Easy Whole Wheat Bread Recipe

Nobody can resist the smell of freshly baked bread. Especially when it’s your own bread and baked with love. It’s almost like a spell, hypnotising those nearby into tearing apart the hot loaf and devouring it whole. Just me? Okay.

Of all the bread recipes I’ve come across, this recipe appeals to me the most. The first time I made this bread, we had it to dunk in Greek beef stew for Christmas Day. It wasn’t your typical turkey, but it was bloody good.

If freshly baked bread is just what you need, try this fabulous recipe and let us know what you think!

My obsession with whole wheat bread: I blame Germany

As Germany became my home country, I adopted a love for good bread. And believe it or not, I always miss whole-wheat bread when I travel.

German bread often has a dense texture and a slightly sour taste. It’s usually made from a combination of wheat, rye, and barley flour. Some popular types of German bread include sourdough bread, different seeds (my favourite is with pumpkin seeds), rye bread, and I’d be remiss not to mention amazing German pretzels that I will bake myself one day.

You won’t believe me, but in the German language, there is a term – Brotzeit – that literally means “bread time.” In general, it refers to a small meal or snack that is typically taken in the middle of the day and involves whole wheat flour bread. In my cousin’s family, they have a brotzeit for dinner and it often includes various types of bread and butter, cold cuts, cheeses, and spreads, fruits like grapes, vegetables, pickled cucumbers or yummy peppers, and sometimes a beer or wine.

And so one day, far away from Germany, in Belize, this whole wheat bread recipe found me. Such an easy and amazing recipe for a loaf of excellent bread that’s soft and tender on the inside, with a crispy and delicious crust on the top.

Are you convinced yet? Let me make this great recipe for homemade bread even more appealing: you only need 3 main ingredients. It’s such an easy recipe! Isn’t it amazing?

Without further ado, let’s get baking.


  • Whole wheat flour: 400 g
  • Active dry yeast: 6 g
  • Water: 350 ml
  • Sugar: 1 tsp
  • Salt: 12 g

How to make whole wheat bread:

1. Dissolve the dry yeast in 350 ml of warm water, and watch as the bubbles begin to appear on the surface.

2. Add a touch of sugar (1 tsp) and a pinch of salt (12 g), and mix all ingredients together.

3. Gently stir in the whole wheat flour using a wooden spoon or a stand mixer, until it’s mixed well. No need to knead the bread; the yeast will do all the work for you.

4. Leave the dough and let it rise in a warm place. Allow the magic of fermentation to begin.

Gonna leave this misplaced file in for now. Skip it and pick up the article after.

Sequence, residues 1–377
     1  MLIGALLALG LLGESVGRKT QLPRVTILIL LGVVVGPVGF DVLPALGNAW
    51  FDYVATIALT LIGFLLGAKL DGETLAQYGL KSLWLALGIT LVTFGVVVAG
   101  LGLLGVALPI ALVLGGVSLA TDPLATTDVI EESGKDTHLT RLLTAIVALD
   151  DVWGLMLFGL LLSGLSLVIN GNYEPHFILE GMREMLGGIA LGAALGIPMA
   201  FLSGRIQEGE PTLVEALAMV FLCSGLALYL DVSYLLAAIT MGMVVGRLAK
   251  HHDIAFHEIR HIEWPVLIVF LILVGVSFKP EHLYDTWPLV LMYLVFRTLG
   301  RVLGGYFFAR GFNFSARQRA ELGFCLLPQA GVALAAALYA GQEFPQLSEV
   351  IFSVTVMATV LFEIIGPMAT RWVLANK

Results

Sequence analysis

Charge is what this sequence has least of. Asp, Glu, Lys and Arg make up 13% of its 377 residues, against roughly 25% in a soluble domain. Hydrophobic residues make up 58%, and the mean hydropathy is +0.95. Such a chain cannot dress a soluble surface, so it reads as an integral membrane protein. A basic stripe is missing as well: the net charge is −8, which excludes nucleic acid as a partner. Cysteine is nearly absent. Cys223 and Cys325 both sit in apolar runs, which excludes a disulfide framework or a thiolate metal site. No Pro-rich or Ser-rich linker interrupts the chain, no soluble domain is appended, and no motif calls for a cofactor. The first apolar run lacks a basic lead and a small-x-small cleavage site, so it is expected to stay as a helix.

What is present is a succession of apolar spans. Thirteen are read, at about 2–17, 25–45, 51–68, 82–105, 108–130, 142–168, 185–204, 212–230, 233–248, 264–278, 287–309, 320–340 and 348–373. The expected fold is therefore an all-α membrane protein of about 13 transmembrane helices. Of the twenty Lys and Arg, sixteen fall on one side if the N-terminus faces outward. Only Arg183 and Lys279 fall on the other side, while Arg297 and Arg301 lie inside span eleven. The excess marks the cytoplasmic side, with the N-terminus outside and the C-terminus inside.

5. Once the dough has risen, preheat the oven to 250 degrees. Carefully transfer the dough into a loaf pan and cover it, letting it rise some more while the oven heats up.

6. Bake for 40 minutes, or until a golden brown crispy crust has formed and the delicious aroma has filled up your kitchen.

7. Let the bread cool completely. Resist the urge to break into it immediately. But if you can’t wait, go ahead and savour the first slice of the crispy edges, or “the bread’s bum” as I like to call them.

8. Store the bread in a paper bag or bread box, instead of plastic bags. It’ll stay fresh for longer and remain crusty.


  • For this recipe, you can experiment with various types of bread flour to create a unique flavour and texture. A combination of white or all-purpose flour and wheat flour, such as 300 grams of white flour and 100 grams of wheat flour, can add depth and complexity to your bread. Additionally, the flour used in different regions may vary, so you may need to adjust the amount of wholemeal flour to achieve the perfect consistency of your dough.
  • For those who enjoy bread with seeds, you can add a touch of crunch and nuttiness by incorporating sunflower or pumpkin seeds into the dough, or by topping the bread with sunflower seeds or sesame seeds before baking. The possibilities are endless, so let your creativity soar as you bake your delicious bread.
  • Keep an eye on the bread during the baking process as whole wheat bread can burn more easily than white bread.
  • If you don’t have loaf pans, you can always form small buns instead. They can be a fun alternative to traditional loaves of bread.
  • Freezing the bread is also a great idea. You can wrap the bread tightly in plastic wrap or aluminium foil, then place it in a resealable freezer bag. When you’re ready to eat it, simply remove it from the freezer and place it in a 175°C oven for 10-15 minutes, or until it’s warm and crusty again.
  • Another tip, if you want to have a more crispy crust after freezing, you can mist the bread with water before baking in the oven. The steam will help to re-crisp the crust.

Making bread to complement other meals

Whole wheat bread is a great addition to soups like borscht. The heartiness of the bread pairs well with the flavorful bean stew of Tavce Gravce as well. You can also use it to mop up the sauce of a traditional pastitsada. Alternatively, spread some hummus over it or serve it with a side of Turkish baba ganoush.

A few slices from your loaf of whole wheat bread can be a good way to add some extra nutrition to your meal. Whole wheat bread can also be enjoyed with butter or jam as a breakfast or snack, or as a base for sandwiches.

The options are endless, and it’s a very versatile bread. I hope you will find it as delicious as we do!

Don’t forget to explore our other mouth-watering recipe options.

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